Rethinking Obfuscation

Paul Swanson psw at
Sat Dec 17 02:09:13 CET 2016


I'd just like to revisit a topic that recently came on the mailing list, VPN obfuscation.

Firstly, I'd like to state that I'm merely a grateful user of Wireguard, not a contributor.

That's relevant because the only way I can get reliable, uncensored Internet is with the help of Wireguard. And the only reason that is so, is because Wireguard is not yet a popular protocol.

I don't want to be so bold as to make an outright "feature request" for traffic obfuscation, but I would like to make my case for it's acceptance.

Right now, in many countries there are extreme filtering practices in place. And I realise that there's an argument for addressing this at a policy level but sadly that thinking is just not useful for literally billions of people ( It's a different political context.

It's easy to feel comfortable from a western democratic context with our relative sense of freedom, but our governments have already built the most pervasive instruments of mass surveillance ever known. We've a lot of trust and people who've brazenly betrayed us. We're just building security infrastructure on the assumption we'll be continued to be allowed to use it for privacy.

For old VPN protocols such as IPSEC, OpenVPN and the like there's no hope. These are easily blocked by breaking the handshake processes, at the very least. Systems like TOR are praised by privacy advocates but are all but useless in the face of state-level / ISP filtering.

So while the problem might originate at a political level, this is not always resolvable. And right now there's precious little offering a technical solution. The only reliable approach I'm seeing widely employed is proprietary implementations of Open Source VPNs. VPN providers are making various obfuscation tweaks to things like OpenVPN to enable there services to work in places like China. The problem here is at least two fold. Firstly, it's proprietary! Need I say more here. Secondly, I don't see why any rational person should have confidence in these companies' cryptographic expertise.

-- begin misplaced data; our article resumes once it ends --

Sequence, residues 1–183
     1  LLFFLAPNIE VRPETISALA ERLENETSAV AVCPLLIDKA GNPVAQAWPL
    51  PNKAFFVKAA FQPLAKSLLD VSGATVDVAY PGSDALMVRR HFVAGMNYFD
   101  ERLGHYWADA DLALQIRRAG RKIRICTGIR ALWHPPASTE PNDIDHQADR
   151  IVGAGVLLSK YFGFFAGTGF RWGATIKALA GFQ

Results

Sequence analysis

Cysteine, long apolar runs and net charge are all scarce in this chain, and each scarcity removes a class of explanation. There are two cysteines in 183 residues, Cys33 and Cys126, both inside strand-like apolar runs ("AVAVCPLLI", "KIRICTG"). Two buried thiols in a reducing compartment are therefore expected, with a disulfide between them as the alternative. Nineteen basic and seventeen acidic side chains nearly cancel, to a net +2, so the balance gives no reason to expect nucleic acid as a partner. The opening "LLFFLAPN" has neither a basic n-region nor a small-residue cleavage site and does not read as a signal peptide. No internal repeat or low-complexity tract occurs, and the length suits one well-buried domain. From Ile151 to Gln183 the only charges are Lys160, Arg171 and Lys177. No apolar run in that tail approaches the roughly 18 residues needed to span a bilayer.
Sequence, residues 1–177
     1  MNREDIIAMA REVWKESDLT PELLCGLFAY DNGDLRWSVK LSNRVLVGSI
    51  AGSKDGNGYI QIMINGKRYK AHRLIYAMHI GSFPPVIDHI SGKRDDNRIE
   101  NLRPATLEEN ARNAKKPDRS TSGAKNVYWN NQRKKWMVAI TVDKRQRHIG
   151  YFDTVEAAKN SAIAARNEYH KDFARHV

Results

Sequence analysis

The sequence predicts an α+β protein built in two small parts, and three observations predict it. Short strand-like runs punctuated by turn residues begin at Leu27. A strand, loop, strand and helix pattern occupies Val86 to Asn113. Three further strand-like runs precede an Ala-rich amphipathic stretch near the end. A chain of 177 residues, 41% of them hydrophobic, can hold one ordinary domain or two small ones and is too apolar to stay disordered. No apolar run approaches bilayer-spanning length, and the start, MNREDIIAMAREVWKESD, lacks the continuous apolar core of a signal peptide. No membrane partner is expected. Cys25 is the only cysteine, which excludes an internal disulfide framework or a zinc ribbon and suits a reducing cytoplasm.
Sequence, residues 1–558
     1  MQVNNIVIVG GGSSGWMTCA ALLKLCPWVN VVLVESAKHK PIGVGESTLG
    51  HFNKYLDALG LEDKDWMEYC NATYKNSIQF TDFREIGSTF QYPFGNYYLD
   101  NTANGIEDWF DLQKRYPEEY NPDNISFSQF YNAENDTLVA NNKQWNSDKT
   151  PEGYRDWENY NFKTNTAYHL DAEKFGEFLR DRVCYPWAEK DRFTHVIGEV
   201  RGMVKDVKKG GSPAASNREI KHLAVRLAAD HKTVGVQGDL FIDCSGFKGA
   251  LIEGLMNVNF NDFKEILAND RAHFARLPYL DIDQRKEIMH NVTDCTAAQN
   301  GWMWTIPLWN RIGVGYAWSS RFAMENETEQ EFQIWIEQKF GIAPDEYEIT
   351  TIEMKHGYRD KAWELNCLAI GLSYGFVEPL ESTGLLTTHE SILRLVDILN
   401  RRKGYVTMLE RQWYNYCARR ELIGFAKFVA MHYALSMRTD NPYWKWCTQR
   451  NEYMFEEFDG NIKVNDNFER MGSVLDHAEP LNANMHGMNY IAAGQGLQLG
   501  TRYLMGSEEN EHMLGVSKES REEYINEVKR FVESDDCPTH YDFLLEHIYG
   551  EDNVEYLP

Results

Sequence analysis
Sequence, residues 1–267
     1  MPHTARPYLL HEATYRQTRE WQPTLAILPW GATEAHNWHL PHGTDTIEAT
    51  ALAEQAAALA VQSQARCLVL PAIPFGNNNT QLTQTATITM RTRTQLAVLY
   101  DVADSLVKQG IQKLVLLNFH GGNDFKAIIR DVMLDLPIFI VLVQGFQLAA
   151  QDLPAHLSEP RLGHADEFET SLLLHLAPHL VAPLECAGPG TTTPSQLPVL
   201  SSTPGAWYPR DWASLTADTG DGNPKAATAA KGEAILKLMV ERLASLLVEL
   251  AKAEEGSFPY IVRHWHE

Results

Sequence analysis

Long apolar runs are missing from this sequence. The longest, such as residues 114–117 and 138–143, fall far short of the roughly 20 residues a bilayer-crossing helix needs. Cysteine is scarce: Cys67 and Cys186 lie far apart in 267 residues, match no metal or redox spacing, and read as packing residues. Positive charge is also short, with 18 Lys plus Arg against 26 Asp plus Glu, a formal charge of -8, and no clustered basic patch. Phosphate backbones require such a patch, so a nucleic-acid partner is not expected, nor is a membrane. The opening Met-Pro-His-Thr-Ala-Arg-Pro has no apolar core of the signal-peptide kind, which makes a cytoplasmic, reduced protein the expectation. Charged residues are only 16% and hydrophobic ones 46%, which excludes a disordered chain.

I'd like to propose a change in philosophy.

That obfuscation in a necessary, intermediary safeguard on the road to policy change.

That at least making provision for compatibility with obfuscation tools is relevant to the mission of projects such as Wireguard.

That providing expertise or guidance on how to obfuscate the Wireguard protocol, in the least miserable way, is a good and worthwhile thing.

Once again, thanks for all your work on the project. I love working with the userspace tools, they're really well thought through. I love how resilient and well the protocol performs in the real world with miserable network latencies and giant evil firewalls. I love that it's open source.

I just hope I can keep using it where it really counts.

Paul S.

Sent from [ProtonMail](, encrypted email based in Switzerland.
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